Win a copy of Permaculture Design Companion this week in the Permaculture Design forum!
  • Post Reply Bookmark Topic Watch Topic
  • New Topic
permaculture forums growies critters building homesteading energy monies kitchen purity ungarbage community wilderness fiber arts art permaculture artisans regional education experiences global resources the cider press projects digital market permies.com private forums all forums
this forum made possible by our volunteer staff, including ...
master stewards:
  • Nicole Alderman
  • r ranson
  • Anne Miller
  • paul wheaton
stewards:
  • Jocelyn Campbell
  • Mike Jay Haasl
  • Burra Maluca
garden masters:
  • James Freyr
  • Joylynn Hardesty
  • Steve Thorn
  • Greg Martin
gardeners:
  • Carla Burke
  • Dave Burton
  • Pearl Sutton

Muscovy duck..surprise!

 
Posts: 51
Location: Finland
  • Mark post as helpful
  • send pies
  • Quote
  • Report post to moderator
Well yesterday we got two Muscovy ducks, slightly earlier than expected, we were to get them in end of May but the guy arrived with them yesterday!
So a few quick questions, I have to ask here as the guy was German and he doesnt speak English or Finnish! and I dont speak German.
From what I could understand he says not to feed them whole grain, but to grind it init a flour. Is this right?
Today they had chicken mash and mashed potatoes.
So any advice from duck people is gratefully recieved!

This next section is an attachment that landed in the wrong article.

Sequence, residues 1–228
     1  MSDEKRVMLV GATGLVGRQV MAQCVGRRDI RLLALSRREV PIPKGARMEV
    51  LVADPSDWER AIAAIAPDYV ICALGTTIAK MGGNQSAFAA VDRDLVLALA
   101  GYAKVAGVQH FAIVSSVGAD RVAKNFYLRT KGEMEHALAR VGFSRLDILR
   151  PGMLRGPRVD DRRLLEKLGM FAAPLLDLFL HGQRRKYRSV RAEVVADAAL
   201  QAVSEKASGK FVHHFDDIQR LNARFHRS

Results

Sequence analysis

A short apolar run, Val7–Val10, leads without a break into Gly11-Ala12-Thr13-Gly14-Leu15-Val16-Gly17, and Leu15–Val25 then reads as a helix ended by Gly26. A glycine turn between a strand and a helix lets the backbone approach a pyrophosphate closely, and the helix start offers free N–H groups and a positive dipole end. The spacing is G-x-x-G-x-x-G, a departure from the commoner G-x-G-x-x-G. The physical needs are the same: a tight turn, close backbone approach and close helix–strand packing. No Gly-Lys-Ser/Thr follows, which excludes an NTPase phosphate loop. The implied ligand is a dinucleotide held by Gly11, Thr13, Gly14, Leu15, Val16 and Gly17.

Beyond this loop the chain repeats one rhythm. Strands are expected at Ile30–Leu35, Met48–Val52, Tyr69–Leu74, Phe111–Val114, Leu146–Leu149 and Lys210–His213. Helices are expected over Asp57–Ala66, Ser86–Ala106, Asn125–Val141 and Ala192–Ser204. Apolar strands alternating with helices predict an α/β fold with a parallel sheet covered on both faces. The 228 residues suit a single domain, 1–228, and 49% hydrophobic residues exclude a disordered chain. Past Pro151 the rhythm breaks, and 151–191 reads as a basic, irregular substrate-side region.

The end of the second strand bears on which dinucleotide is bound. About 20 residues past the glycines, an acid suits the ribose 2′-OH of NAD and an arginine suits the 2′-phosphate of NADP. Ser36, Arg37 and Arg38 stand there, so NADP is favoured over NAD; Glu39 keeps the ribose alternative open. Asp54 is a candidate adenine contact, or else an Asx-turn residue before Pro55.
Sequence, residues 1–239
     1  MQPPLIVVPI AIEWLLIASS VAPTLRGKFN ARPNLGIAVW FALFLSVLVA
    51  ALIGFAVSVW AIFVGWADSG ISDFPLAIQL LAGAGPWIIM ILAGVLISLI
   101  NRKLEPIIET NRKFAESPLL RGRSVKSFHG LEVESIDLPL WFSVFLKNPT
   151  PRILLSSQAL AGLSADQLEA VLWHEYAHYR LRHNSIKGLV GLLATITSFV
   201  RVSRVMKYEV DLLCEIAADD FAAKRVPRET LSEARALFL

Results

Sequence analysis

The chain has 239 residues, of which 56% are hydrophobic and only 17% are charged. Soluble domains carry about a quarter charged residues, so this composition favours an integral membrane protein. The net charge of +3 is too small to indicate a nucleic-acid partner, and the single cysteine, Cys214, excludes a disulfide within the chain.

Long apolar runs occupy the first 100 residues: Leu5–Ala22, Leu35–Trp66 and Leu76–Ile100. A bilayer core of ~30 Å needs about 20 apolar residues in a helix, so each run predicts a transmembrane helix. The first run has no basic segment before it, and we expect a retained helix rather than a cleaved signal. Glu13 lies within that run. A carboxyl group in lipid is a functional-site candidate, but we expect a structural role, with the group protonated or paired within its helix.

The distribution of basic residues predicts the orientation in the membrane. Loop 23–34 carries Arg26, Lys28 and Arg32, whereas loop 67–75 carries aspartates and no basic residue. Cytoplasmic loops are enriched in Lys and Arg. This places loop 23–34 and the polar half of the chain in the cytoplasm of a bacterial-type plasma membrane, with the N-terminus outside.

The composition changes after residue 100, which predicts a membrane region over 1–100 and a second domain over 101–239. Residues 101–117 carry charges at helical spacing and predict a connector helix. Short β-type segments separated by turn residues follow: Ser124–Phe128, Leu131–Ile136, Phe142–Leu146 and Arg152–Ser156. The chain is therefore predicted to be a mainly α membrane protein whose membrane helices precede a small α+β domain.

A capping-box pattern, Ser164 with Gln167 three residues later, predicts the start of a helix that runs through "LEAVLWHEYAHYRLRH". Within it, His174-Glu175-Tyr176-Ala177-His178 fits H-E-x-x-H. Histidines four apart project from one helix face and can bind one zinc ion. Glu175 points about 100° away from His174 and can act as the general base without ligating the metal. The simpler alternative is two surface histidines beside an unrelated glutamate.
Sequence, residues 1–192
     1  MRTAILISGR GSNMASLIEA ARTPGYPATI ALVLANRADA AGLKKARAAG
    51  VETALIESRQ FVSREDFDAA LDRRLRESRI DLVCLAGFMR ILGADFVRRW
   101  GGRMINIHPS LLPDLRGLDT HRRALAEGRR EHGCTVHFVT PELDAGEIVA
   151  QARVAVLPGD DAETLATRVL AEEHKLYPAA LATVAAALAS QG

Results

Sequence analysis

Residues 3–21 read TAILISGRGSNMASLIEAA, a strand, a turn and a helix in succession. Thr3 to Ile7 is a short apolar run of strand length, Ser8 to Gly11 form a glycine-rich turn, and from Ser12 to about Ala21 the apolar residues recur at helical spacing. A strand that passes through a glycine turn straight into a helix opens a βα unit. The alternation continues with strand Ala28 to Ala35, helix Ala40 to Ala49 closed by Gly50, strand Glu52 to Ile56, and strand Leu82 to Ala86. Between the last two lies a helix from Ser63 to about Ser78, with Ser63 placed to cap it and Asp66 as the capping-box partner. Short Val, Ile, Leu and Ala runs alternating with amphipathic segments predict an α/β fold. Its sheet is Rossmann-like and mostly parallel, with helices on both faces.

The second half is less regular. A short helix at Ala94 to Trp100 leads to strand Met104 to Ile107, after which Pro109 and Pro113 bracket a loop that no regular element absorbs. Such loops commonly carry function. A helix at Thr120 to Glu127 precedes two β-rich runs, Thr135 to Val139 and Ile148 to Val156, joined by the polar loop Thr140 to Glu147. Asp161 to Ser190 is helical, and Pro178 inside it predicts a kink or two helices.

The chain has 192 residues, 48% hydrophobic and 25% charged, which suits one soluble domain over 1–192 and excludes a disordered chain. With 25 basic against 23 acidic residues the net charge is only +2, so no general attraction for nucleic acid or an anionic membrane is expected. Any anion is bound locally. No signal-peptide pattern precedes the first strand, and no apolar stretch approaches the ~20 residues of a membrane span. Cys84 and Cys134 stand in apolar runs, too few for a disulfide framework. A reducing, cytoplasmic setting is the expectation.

Thankyou.
suomi.
 
pollinator
Posts: 425
15
  • Mark post as helpful
  • send pies
  • Quote
  • Report post to moderator
they need a high protein mash to start with, like 18% or higher, but then you must cut down to around 14% after 2 weeks so that they can develop their wings properly, higher protein can cause what is known as "angel wing".

when young they need fine food they can swallow, but they also need grit in the food (which the mash should have)

you could also add sour raw milk to the mash, i added water and goats milk to my duck's mash

but when they come of size and can take whole grain, feeding whole soaked grains (for 24 hours or longer) is better, less messy and keeps them warmer in the winter.
 
suomi--Nicola Lloyd
Posts: 51
Location: Finland
  • Mark post as helpful
  • send pies
  • Quote
  • Report post to moderator
Thanks
they are actually full grown, we were supposed to be getting young ones in may,but I guess something got lost in translation!!  but anyway they are here now, so I will soak grain, we have barley and oats.  Great if that keeps them warm in winter cos it gets to minus 25o centigrade!
suomi 
 
suomi--Nicola Lloyd
Posts: 51
Location: Finland
  • Mark post as helpful
  • send pies
  • Quote
  • Report post to moderator
ah one more quick question.... is it ok for the ducks to be in the same run as chickens, its a huge area mostly silver birch trees and grass, the ducks would have their own seperate house.
Thanks, suomi
 
Emil Spoerri
pollinator
Posts: 425
15
  • Mark post as helpful
  • send pies
  • Quote
  • Report post to moderator
shouldn't be a problem, though the ducks may much up the chickens water, which is annoying
and the chickens may steal food that you intended for the ducks...
 
That feels good. Thanks. Here's a tiny ad:
Heat your home with the twigs that naturally fall of the trees in your yard
http://woodheat.net
  • Post Reply Bookmark Topic Watch Topic
  • New Topic
Boost this thread!